Working on relatively low-speed hardware, I need to grab a snapshot of a rapidly changing datastream and then post-process the snapshot data and save it to disk.
I need help with designing the overall approach given the processing constraints from the hardware.
The snapshot phase needs to complete relatively instantaneously, because it blocks the datastream as it performs the capture. I believe I want to run this as a separate process, or at least as a stand-alone thread. This phase needs to be given priority for processing and accessing resources.
The post-processing phase relies on external libraries that do not use a repeated-small-iteration API/function call model I would be able to throttle the call speed of - instead, a single function call performs the entire operation.
However, I don't care when these post-processing tasks finish, and I would prefer this routine be run in such a way that it vies for very little CPU/IO while working. My thinking is that this would encourage future snapshot events to complete with a minimum of latency. The post-processing only takes a few seconds to complete, but I far prioritize snapshot latency over post-processing speed.
Taking all of these requirements into account, it makes sense to me to run both of these actions as separate, concurrent tasks, and tell the kernel the snapshot task is extremely high priority, and the post-process task is extremely low priority.
I generically say task here, and I said "concurrent" in the title, because I'm not sure whether I want to use separate processes for this, or implement some form of multi-threading.
I have only a little experience with
fork() and the like, and no real experience with threading, so I have a few questions about how/where I should get started:
Which method would be preferable - threading or separate processes? Does utilizing threads simplify sharing memory access between the two tasks?
Can I set kernel scheduling/IO priority when using threads? Or am I worrying too much about setting kernel priority at this point?
To keep the snapshot process fast, it would be ideal for the snapshot task to simply leave data to process sitting in memory for the post-process task to pick up and run with, so the snapshot task is immediately clear and waiting for the next event. This seems to be best addressed with a queuing approach, but I don't know if there are approaches that provide other advantages.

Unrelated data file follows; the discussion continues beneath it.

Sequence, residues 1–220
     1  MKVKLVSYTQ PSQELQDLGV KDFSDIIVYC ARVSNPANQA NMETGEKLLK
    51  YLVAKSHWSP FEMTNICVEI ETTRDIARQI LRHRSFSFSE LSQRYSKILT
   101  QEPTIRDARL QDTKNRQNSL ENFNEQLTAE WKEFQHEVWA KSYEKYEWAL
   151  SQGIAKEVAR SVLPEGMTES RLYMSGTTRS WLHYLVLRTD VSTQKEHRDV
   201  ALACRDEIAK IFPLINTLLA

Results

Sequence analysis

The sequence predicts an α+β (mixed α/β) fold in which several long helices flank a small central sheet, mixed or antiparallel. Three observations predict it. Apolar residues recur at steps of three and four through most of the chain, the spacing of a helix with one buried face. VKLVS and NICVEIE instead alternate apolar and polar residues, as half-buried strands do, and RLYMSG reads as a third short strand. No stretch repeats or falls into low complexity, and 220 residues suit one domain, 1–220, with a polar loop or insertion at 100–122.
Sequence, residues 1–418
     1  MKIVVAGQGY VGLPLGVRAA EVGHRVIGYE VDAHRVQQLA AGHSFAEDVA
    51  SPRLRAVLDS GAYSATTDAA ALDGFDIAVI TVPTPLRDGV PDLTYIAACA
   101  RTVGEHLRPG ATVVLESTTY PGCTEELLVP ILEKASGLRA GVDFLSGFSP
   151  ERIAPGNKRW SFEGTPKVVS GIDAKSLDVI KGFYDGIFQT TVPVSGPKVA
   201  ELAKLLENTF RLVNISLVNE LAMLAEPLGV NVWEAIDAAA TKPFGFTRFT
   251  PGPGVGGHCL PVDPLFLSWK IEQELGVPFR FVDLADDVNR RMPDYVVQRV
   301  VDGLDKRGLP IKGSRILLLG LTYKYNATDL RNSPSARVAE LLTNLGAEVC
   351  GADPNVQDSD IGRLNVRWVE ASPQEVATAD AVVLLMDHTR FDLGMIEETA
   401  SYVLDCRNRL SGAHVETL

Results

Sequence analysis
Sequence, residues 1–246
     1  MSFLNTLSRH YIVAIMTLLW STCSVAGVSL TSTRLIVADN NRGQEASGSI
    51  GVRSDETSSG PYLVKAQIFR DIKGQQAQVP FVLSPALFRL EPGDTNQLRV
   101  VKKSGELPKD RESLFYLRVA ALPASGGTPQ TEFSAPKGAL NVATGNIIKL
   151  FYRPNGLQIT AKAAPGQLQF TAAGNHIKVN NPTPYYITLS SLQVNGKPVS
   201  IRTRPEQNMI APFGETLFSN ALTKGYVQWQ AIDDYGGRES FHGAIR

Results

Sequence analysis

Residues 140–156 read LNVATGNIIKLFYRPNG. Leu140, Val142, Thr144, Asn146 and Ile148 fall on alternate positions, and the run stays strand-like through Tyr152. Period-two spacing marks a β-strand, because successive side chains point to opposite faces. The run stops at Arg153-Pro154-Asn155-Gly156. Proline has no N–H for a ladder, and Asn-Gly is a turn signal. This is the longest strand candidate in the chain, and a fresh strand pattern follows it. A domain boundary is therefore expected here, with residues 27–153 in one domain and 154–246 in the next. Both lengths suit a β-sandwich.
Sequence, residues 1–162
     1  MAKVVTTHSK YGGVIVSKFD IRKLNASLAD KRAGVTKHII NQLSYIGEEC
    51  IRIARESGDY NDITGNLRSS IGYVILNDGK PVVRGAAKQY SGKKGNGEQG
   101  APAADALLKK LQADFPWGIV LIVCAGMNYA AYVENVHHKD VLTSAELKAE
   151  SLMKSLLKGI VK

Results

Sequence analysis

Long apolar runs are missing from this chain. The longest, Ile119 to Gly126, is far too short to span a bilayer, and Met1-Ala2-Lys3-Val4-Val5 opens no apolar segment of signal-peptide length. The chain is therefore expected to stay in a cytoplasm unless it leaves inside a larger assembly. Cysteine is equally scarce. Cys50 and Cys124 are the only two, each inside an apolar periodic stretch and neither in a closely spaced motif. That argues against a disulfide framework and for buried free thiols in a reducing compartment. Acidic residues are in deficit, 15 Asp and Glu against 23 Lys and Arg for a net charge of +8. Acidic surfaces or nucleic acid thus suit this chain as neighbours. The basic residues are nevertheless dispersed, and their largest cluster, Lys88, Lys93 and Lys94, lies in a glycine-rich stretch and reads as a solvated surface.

If I was using
fork(), I could simply leave unprocessed data in a
pipe() for the post-process task to clean up after. I'm confident that the pipe wouldn't become full and block the snapshot process.
I'm not as certain what I can do with threading. Could I possibly allocate memory from the snapshot thread; share the pointers via IPC; then
free() the data from the post-process thread? Do I gain any processing speed or other benefits by taking this approach?
To help focus my question, I have two broad paths I'm considering.
Two separate processes using the OS's
pipe()functionality to provide communication between them.
A multi-threaded process using IPC or some other communication mechanism.
I need to be able to prioritize one task over the other, and possibly over other processes running on the system. I have time constraints for executing one of the tasks, but I don't care about execution time for the second task.
Are my two potential paths equivalent, or is there a preferred approach given my constraints? Or is there a third approach that is better than those two?